The House Always Wins -- Gamblers Ordered to Pay Back $1.5M in Winnings to the Golden Nugget.

Just imagine winning hundreds of thousands of dollars from a casino. You sit down at a card table with visions of breaking the bank, and sure enough the cards are turning in your favor. And while you've won hands before, this time is different. This time you recognize a pattern and in fact, you can't lose. You increase your bet. Well, why not? You figure, let's ride this out and see where we end up. After all, you're not doing anything wrong and neither are any of the other players at your table. The excitement builds; the celebration appears endless. Indeed, you are not alone; everyone at your table is winning. The high fives abound, the cheers, the good fortune, and its all yours as you peer above the ever-growing Mount Everest of chips in front of you.

Millions of people flock to casinos across the nation every year with the same quest in mind, "this is going to be my night, I'll call you when I hit the big one!!"

Well, 14 mini-baccarat players found themselves in this very situation, among them their winnings totaling more $1.5M - yes, MILLION, dollars. The euphoria however didn't last very long. Just this last week, a New Jersey Superior Court Judge ordered the "winners" to return the money to the Golden Nugget on the grounds that the deck of cards used during the winning spree was not pre-shuffled thus making the game unauthorized under state law.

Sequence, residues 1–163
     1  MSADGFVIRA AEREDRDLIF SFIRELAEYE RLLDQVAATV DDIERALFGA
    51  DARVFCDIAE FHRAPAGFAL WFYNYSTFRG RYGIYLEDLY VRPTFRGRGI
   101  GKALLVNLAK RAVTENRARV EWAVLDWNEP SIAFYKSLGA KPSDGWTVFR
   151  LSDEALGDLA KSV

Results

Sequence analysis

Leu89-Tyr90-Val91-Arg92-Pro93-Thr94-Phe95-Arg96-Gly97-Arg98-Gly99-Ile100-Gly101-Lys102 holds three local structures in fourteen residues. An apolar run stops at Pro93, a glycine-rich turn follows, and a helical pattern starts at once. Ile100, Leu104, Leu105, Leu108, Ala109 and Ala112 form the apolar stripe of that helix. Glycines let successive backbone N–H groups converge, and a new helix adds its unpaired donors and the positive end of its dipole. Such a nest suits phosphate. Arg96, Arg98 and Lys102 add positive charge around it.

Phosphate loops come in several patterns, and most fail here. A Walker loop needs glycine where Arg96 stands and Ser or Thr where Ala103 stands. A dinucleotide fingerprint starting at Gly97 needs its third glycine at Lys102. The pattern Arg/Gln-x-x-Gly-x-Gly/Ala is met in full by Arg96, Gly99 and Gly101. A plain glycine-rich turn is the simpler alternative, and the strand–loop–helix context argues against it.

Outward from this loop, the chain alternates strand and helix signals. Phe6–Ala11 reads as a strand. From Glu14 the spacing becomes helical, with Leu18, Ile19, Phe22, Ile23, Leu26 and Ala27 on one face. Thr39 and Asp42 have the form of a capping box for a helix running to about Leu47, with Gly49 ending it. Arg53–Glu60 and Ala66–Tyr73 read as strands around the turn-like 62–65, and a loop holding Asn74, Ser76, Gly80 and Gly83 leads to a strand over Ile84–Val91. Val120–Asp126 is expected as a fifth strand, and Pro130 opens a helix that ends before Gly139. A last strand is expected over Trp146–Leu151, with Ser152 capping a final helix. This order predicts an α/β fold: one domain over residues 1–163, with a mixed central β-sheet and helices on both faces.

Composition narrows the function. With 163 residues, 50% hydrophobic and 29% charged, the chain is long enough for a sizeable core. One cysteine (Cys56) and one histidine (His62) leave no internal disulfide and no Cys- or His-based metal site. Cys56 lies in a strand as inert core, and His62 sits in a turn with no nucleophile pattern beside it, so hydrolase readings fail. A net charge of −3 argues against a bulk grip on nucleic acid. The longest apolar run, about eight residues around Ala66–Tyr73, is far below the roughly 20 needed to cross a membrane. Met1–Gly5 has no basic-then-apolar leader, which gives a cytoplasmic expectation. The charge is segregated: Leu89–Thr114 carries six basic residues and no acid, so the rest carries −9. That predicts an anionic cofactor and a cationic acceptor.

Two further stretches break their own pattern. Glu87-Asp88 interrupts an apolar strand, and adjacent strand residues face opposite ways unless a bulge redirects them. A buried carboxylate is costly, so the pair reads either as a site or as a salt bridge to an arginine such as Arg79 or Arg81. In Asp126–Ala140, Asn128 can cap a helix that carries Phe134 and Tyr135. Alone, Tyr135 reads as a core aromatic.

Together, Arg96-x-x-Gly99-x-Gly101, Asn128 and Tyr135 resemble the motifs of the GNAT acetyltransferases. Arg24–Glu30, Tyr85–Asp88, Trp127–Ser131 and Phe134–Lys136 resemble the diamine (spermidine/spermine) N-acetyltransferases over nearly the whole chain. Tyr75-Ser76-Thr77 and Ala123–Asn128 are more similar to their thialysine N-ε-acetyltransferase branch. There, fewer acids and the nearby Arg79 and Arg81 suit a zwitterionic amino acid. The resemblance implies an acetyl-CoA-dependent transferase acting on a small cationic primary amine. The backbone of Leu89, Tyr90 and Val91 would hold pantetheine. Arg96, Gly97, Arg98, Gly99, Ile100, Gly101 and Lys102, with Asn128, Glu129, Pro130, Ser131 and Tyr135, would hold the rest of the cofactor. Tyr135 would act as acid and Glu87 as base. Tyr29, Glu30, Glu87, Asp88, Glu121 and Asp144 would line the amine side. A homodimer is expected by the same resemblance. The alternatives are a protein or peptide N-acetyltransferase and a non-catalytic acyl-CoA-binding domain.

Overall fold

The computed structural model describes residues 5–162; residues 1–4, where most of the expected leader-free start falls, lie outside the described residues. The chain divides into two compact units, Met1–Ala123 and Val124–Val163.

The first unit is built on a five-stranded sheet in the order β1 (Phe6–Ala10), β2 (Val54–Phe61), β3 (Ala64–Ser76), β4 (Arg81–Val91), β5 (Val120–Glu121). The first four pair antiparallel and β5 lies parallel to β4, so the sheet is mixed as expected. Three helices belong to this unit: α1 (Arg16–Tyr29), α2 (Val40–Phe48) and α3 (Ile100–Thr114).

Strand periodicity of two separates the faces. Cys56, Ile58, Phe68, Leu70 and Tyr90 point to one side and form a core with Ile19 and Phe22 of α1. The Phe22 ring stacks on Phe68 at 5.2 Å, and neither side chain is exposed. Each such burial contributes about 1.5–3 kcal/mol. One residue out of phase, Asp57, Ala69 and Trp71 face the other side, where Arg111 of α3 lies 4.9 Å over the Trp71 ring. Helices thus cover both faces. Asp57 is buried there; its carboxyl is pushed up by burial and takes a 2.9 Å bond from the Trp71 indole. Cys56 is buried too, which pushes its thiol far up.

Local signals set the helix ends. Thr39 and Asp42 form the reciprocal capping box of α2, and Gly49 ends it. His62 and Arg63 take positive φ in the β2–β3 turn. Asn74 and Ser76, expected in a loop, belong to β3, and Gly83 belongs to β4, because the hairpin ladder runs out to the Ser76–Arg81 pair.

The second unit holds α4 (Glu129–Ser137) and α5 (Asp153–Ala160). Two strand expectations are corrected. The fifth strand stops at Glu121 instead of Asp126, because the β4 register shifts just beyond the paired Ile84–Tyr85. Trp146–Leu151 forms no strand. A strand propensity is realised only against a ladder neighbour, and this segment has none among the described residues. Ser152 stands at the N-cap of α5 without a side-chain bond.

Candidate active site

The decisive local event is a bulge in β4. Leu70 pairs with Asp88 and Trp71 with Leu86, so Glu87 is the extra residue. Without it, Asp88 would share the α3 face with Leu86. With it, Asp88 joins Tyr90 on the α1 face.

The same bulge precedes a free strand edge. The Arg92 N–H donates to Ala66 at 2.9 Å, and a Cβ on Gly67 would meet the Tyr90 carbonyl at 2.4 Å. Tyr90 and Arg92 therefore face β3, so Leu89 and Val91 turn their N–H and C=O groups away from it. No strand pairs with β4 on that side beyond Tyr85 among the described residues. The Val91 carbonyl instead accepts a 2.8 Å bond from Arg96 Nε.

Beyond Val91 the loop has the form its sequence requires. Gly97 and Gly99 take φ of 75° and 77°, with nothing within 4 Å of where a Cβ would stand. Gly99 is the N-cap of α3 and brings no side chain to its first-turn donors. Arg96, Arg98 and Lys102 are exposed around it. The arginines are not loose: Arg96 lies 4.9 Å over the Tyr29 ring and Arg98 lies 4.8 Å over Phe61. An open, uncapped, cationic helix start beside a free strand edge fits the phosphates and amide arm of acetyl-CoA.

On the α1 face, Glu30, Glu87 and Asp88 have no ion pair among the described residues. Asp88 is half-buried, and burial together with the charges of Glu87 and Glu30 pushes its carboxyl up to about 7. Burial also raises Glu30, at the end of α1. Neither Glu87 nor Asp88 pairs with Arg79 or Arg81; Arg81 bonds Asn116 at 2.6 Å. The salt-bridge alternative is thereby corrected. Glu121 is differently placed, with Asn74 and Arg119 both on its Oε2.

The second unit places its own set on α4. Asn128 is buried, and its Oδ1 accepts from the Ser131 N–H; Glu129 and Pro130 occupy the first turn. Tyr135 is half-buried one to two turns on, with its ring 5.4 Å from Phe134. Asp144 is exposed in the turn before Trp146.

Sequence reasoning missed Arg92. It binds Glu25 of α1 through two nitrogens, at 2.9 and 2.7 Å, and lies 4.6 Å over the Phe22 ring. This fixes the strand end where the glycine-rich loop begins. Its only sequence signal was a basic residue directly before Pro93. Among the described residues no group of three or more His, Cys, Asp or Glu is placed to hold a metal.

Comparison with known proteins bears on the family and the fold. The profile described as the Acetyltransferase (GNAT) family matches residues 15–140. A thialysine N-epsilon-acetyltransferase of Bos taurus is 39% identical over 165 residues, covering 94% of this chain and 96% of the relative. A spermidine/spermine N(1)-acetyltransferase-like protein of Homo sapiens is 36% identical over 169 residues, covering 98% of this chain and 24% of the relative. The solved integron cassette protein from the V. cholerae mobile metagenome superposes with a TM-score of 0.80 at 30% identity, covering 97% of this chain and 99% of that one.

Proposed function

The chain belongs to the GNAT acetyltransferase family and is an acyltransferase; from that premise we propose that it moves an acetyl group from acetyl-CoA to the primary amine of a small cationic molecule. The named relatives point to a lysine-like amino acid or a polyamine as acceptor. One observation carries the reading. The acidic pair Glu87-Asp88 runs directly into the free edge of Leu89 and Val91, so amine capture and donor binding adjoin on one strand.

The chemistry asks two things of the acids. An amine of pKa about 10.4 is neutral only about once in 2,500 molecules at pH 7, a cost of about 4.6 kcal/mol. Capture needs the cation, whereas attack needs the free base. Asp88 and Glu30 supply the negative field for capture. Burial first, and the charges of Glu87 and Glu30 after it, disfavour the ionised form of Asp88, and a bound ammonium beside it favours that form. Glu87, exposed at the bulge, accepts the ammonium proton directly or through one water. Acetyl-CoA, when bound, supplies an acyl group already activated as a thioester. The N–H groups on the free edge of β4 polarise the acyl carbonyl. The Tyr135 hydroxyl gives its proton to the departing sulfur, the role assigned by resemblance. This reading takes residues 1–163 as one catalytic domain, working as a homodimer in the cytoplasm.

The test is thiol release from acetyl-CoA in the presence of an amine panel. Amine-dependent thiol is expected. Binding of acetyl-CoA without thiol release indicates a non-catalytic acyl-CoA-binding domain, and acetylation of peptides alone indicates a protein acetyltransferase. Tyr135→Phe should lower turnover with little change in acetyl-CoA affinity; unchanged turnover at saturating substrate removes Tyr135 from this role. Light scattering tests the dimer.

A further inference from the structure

The lawsuit, brought by the Golden Nugget against the players also named Gemaco, Inc., the card manufacturing company, as a defendant. The Golden Nugget alleged that Gemaco failed to pre-shuffle the cards prior to packaging and certification, which is required in order for the cards to be ready for immediate use.

Casino workers did not notice the un-shuffled decks, fed them into the shoe and dealt the games. 41 shoes in all before the mistake was realized. According to state regulations, card shuffling for mini-baccarat must be done immediately before play begins unless the cards are pre-shuffled. The court, applying strict application of the state's law, found the un-shuffled deck violated the state's mandate. With strict liability statutes in play, pleas of good faith fell on deaf ears. So the next time you are headed the city of lights, be careful of what you wish for, for things may not always appear as they seem.

Reported by Mary Pat Gallagher in the New Jersey Law Journal and reprinted in The Legal Intelligencer, February 25, 2015, Vol P. 2364.